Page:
I like the idea of cassoulet for Christmas Eve for a couple of reasons. First, it has a French name, so even though it’s basically beans and meat, people will be like, “This sounds fancy, I should write this person into my will!” And second, you can feed a lot of people out of basically one large dish. People are impressed, well fed, and there’s not a ton to clean up. High-five handshakes all around.3 Comments »
Every year on SideDish, we like to devote our energy to supporting small local food businesses here in DFW. For twelve days, we’ve been highlighting jams, jellies, pies, classes, wines, coffees, teas, and basically any food product made locally on Dallas (or close to it) soil. Today is Juice Cleanse Day. For more gift ideas, take a look through our last eleven days at the bottom of this post.
Back in October, ShopTalk editor Raya Ramsey did a 5-day cleanse with Roots Juices, the company that packages fruits and vegetables into neat containers for a healthy, nutritious experience. Well, she loved it. Raya is currently sitting right next to me and and raving about the almond milk, which she says is creamy and nutty tasting.
Roots has several kinds of kits: the Detox & Cleanse (very popular), Hangover Recovery, Cocktail Mixers, and The 6 Pack. Any of these would be perfect for that health-conscious friend or relative who’s always wanted to do a juice cleanse, but never knew how to go about doing it. And since Brent Rodgers, the man behind Roots Juices, is feeling very generous this holiday season and knows exactly what you need, he’s offering a free Hangover Recovery kit to one very lucky SideDish reader. Here’s how to win: The third person to tweet out a link to this post (please include @DSideDish) will earn this $30-value prize. Got that? So easy, right? Look, here’s all the stuff you could win:3 Comments »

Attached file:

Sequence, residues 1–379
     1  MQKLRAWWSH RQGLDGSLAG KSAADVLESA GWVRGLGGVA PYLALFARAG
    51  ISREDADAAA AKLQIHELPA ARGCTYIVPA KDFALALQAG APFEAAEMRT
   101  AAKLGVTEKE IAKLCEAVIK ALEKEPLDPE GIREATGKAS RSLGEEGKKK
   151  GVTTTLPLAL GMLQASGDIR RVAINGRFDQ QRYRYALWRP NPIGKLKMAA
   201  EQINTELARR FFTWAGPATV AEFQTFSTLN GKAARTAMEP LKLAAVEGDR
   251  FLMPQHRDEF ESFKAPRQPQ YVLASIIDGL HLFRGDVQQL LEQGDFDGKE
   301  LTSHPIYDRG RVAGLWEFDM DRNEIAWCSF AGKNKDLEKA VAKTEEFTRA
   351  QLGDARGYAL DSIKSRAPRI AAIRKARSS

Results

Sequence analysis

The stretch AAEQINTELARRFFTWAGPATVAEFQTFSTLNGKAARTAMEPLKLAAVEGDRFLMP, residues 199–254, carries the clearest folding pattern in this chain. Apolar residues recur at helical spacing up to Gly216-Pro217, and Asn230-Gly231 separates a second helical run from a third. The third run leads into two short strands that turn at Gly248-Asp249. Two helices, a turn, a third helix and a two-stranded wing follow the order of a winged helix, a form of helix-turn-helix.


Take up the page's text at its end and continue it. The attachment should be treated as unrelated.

I know. I’m also hyperventilating, too. Pretty soon it’ll be Christmas, then New Year’s, then back to work on the second. Time is flying way too fast. This means you’ve got to start making your reservations pronto before you get put on a waiting list. Rub your hands and start calling. Here’s a list of places doing special New Year’s Eve and Day dinners. If you’re still behind on Christmas, you can check out the list of establishments open on December 24 and 25 right here.
Blue Mesa Grill
Cafe des Artistes
Canary by Gorji
Chamberlain’s Fish Market
Chamberlain’s Steak and Chop House
Dallas Chop House
Dallas Fish Market
Dragonfly at Hotel ZaZa
The Front Room: A Park Cities Diner
The Gin Mill
Holy Grail Pub
Hotel St. Germain
Whether you are shopping for your in-laws, your boss, your sweetie, or giving yourself a great holiday prize, these will pack an impressive punch and please any palate. Here are a few of my favorite wines ideal for pairing with everything from the holiday ham to crown roast to a gorgeous beef tenderloin. A few selections were sent for editorial consideration.
Raise a hat to winemakers who hail from our great state, though may not make their delicious juice with in Texas. Like Dallasites Craig and Ambassador Kathryn Hall of Hall Wines in Napa Valley. Year in and Year out their Cabernet Sauvignon consistently delivers great taste, style and elegance with just the right balance of fruit with leather and cedar notes. Another winery from Dallas residents Dr. Clay and Brenda Cockerell continues to grow their portfolio, creating interesting, balanced and beautiful wines from Calistoga, CA in their Coquerel Family Wines portfolio. They recently introduced a plum and spice filled Merlot and steely Chardonnay into the portfolio, already containing Bordeaux style Sauvignon Blanc, Petite Sirah and Verdelho. Texas natives Adam and Dianna Lee, owners and winemakers for Siduri in Sonoma Valley continue to rake in the ratings as each bottle of their varietally correct Pinot Noir from fruit sourced throughout California and Oregon packs an incredible punch of fruit forward and balanced flavor. On a recent visit to Willamette Valley a visit to Alexana, the sister winery to Napa Valley’s Revana and owned by Houston based cardiologist Dr. Revana proved to be one of the high points of the trip, tasting earthy, layered and mineral rich Pinot Noir from Oregon’s Dundee Hills. I expected nothing less as Dr. Revana’s Napa Cabs are also some of the best around. Continue reading "What To Drink Now: Wine That Is Guaranteed To Impress"1 Comment »